Newly elected congressman-to-be Joe Neguse was plucked by Speaker-presumptive Nancy Pelosi last weekend to deliver his party’s response to the president’s weekly radio address – a high honor, and indicative of the esteem in which the national Democrats hold what their state-level counterparts accomplished in Colorado last November. It is not surprising, then, that among the de-rigeur anti-Trump and shutdown talk there was tribute given to HR-1 which is to include, among other things, stricter campaign finance rules.
Within the flood of forensic analysis offered in the aftermath of Nov. 6, little attention was devoted to the role that money played in the outcome. The most incandescent figure is $23.4 million, which is how much of the $23.9 million in total donations to Governor-Elect Polis’ campaign were donated by Polis himself.
Now that is neither unethical nor even really all that remarkable; there is, after all, no law (nor should there be) forbidding one from spending one’s own resources to whatever extent they wish in pursuit of their own electoral ambitions. And, to be sure, Rick Scott did the same thing in Florida for his Senate run. Still, $23 million is an enormous sum for the Centennial State, and there are some interesting and telling differences between Colorado and Florida in terms of campaign finance regulations.
Most importantly, Colorado has far stricter limits on campaign contributions. Allowable donations to statewide campaigns, including governor, are capped at $1,150, less than half the $3,000 limit in Florida. For state House and Senate campaigns, the caps are a paltry $400, again 40 percent of Florida’s. Colorado also imposes caps on what may be donated to PAC’s and political parties, sums which are unlimited in Florida.
This was of great advantage to Mr. Polis, insomuch as a) Walker Stapleton was severely limited in how much hard money he could raise against Polis’ accumulated wealth, and b) Mr. Polis was relieved of having to clamor for much in the way of individual and PAC donations. This freed up a considerable amount of Democratic money that would have otherwise flowed into the gubernatorial campaign coffer, making it instead available for distribution down ballot.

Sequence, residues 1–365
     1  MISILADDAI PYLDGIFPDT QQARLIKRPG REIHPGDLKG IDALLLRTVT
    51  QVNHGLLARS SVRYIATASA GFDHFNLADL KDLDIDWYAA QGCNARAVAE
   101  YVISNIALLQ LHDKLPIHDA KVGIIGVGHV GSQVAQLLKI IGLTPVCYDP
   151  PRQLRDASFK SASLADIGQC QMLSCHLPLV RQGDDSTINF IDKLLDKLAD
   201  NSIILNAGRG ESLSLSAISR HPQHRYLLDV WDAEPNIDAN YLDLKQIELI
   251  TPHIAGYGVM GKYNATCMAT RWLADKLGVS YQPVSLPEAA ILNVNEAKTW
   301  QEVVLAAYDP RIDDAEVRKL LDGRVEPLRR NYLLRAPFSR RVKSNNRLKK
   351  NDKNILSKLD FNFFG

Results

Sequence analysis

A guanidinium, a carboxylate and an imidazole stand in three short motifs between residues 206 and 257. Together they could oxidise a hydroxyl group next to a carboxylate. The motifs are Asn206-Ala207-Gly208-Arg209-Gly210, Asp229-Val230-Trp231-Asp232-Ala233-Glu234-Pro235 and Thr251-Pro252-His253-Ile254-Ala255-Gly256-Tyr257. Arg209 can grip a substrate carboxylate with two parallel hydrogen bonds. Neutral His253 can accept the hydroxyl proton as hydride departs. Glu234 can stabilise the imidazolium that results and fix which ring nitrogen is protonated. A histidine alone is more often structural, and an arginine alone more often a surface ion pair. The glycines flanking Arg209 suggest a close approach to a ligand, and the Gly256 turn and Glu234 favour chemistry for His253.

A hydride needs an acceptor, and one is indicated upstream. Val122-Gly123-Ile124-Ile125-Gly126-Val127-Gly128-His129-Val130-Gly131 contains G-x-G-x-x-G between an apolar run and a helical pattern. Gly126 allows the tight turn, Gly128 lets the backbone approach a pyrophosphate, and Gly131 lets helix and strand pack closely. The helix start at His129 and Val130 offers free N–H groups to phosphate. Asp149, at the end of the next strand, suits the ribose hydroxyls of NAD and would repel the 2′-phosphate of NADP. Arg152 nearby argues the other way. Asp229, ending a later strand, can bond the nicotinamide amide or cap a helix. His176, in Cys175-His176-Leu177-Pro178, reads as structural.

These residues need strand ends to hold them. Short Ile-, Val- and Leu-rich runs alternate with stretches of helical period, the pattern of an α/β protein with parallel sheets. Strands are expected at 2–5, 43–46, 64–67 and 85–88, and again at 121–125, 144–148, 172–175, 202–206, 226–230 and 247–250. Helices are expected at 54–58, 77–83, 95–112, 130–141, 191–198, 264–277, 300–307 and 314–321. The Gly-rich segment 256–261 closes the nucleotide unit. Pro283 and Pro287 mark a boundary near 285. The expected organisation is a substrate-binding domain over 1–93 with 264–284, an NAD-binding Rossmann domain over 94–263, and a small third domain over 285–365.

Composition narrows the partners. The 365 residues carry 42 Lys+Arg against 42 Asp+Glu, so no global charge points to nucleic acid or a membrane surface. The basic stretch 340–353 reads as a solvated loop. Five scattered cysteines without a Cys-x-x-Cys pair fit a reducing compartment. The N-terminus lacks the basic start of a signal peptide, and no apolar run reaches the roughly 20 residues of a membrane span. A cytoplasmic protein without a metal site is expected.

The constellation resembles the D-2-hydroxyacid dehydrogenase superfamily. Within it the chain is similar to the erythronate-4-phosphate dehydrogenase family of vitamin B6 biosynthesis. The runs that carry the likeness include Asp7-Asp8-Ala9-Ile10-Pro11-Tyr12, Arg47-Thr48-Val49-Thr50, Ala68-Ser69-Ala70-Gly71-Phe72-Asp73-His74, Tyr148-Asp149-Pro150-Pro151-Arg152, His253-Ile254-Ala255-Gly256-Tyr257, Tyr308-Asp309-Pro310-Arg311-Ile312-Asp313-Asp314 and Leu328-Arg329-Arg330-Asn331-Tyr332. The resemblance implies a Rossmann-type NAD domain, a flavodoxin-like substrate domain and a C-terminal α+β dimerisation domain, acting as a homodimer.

To be clear, this was certainly not the only, nor even the biggest, factor contributing to the Democratic sweep of Colorado last fall, but it is hard to deny that that kind of money – it’s impossible to say how much, but it is fair to assume a few million – goes a long way divided among three or four competitive Senate seats, the remaining statewide contests, and a handful of House, county commissioner and sheriff races, especially in a state with Colorado’s campaign finance schema.
Campaign finance laws, their inherent constitutional difficulties aside, were ostensibly meant to correct the problem, perceived by many, that political spending is getting out of hand. The common refrain is that such reforms are necessary to “get money out of politics.”
Alas, they do no such thing. As Mitch McConnell said during the McCain-Feingold debates, you can institute whatever finance reform you wish, it will not reduce by one penny the amount of spending in politics. If someone wants to financially back a particular candidate, a way will be found, which, incidentally, is why such laws have bolstered the role of “dark money” so exponentially. The regulations do nothing but adjust the manner in which people spend politically, not the amount. And they adjust it in a manner which buttresses the odds for incumbents, or the independently wealthy.
The free-market, as usual, offers a solution: eliminate all donation caps in exchange for full and immediate disclosure, a solution which has the added benefit of not interfering with the First Amendment’s protections guaranteeing free speech. Unfortunately, the current system offers too many temptations for the savvy strategist to give up; and besides, Colorado has provided a model for how to use it advantageously. An appealing baby step in the right direction was offered as a ballot measure in the state last election, and indeed one of the tragedies of November was the failure of Amendment 75, which would have tilted the electoral scales a little closer to even by raising a candidate’s campaign donation caps if his or her opponent chooses to donate $1 million or more of their own money to their own campaign.
Amendment 75 failed to gain much traction last year, but it is a concept that deserves a closer look. It represents precisely the direction in which campaign finance reform ought to proceed, without which we are left with the uneasy suspicion that our great democratic experiment is susceptible to subordination by the highest bidder.
Kelly Sloan is a political and public affairs consultant and recovering journalist based in Denver. He is also an energy and environmental policy fellow at Centennial Institute.